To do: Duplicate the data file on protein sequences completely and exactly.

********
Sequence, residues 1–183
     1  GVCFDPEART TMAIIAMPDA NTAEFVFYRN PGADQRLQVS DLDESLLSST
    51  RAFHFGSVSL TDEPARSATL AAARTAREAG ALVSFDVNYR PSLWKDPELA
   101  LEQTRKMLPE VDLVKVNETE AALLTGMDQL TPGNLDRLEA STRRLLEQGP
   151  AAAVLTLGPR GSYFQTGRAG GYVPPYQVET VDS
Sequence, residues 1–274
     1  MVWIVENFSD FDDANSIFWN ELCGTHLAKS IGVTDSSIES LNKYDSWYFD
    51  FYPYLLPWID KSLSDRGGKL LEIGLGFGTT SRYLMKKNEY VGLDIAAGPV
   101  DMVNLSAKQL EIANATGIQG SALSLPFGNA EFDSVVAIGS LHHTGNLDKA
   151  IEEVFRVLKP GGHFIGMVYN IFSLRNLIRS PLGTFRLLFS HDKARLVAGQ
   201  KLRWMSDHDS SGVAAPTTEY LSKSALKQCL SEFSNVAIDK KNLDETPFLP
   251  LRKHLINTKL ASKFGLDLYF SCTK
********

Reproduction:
Sequence, residues 1–183
     1  GVCFDPEART TMAIIAMPDA NTAEFVFYRN PGADQRLQVS DLDESLLSST
    51  RAFHFGSVSL TDEPARSATL AAARTAREAG ALVSFDVNYR PSLWKDPELA
   101  LEQTRKMLPE VDLVKVNETE AALLTGMDQL TPGNLDRLEA STRRLLEQGP
   151  AAAVLTLGPR GSYFQTGRAG GYVPPYQVET VDS
Sequence, residues 1–274
     1  MVWIVENFSD FDDANSIFWN ELCGTHLAKS IGVTDSSIES LNKYDSWYFD
    51  FYPYLLPWID KSLSDRGGKL LEIGLGFGTT SRYLMKKNEY VGLDIAAGPV
   101  DMVNLSAKQL EIANATGIQG SALSLPFGNA EFDSVVAIGS LHHTGNLDKA
   151  IEEVFRVLKP GGHFIGMVYN IFSLRNLIRS PLGTFRLLFS HDKARLVAGQ
   201  KLRWMSDHDS SGVAAPTTEY LSKSALKQCL SEFSNVAIDK KNLDETPFLP
   251  LRKHLINTKL ASKFGLDLYF SCTK